avatar Re: hydrofluoric acid
August 19, 2010 02:45PM
During my time working in Mount Isa, I was trained in the use of HF. There, it is used to prepare rocks for the detection of what we called tuffaceous marker beds, continuous k-feldspar rich layers within the siltstone containing the orebodies, which could be used to define the rocks' stratigraphic position. The issue with these TMBs is that they are hard to visually identify. Thus, HF is used to prepare the suspect rock before a stain is applied. If the stain sticks, then you are likely looking at a TMB. This was a reasonably routine procedure during core logging and pit mapping. The safety gear required to handle the HF safely deserves no less description than being the equivalent of a space suit. It really isn't worth the trouble unless you need to use it for commercial mineral preparation, or are doing something worthwhile as far as the science goes. In the latter case, it's probably better to give the work to someone who has dealt with HF before.
Jeffrey Rank
Re: hydrofluoric acid
August 31, 2010 05:38AM
I agree with rock currior. gotta know your shit! and it really only comes with trial and error. gotta learn what will do what with acids, personally I work with fine chisels, a dremal and diamond and carbide tips to achieve its natural condition. but certain acids at times to achieve a result. either way, its an art!
avatar Re: hydrofluoric acid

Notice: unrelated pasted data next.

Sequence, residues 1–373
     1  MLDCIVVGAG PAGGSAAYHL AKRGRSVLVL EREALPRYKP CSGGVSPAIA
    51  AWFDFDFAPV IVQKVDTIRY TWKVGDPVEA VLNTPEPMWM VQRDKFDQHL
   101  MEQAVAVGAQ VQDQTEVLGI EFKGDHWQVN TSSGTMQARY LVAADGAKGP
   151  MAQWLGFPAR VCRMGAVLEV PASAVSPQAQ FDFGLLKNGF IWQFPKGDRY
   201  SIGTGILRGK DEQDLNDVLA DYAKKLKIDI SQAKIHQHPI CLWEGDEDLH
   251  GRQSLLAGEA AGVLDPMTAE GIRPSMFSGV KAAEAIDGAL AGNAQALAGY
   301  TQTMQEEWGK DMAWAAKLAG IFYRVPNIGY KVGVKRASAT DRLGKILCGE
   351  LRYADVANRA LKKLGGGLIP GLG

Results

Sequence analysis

August 31, 2010 10:41AM
Well, the only problem with trial and error experience is that with something like HF, it can leave you very dead.
Re: hydrofluoric acid
August 31, 2010 05:12PM
I have successfully used hydrofluoric acid diluted to 3% and find that 4 hours at that strength softens most feldspar, dissolves pocket clay, and just starts to attack quartz. I have also used ammonium bifluorite for similar problems.

The smoky quartz from the Smoky Bear Claim, New Mexico were all treated with HF/ammonium bifluorite in sequence to remove the outer quartz crust and maintain luster. Novices tend to oversoak these in the HF, resulting in telltale white cracks where the HF penetrated "burning" the quartz.

John Betts
Re: hydrofluoric acid
August 31, 2010 05:46PM
Most wolframites from Bolivia have been cleaned with HF; nothing else seems to do the job. I use it as a last resort, with fear and trepidation, and great care, outdoors.
avatar Re: hydrofluoric acid
August 31, 2010 08:31PM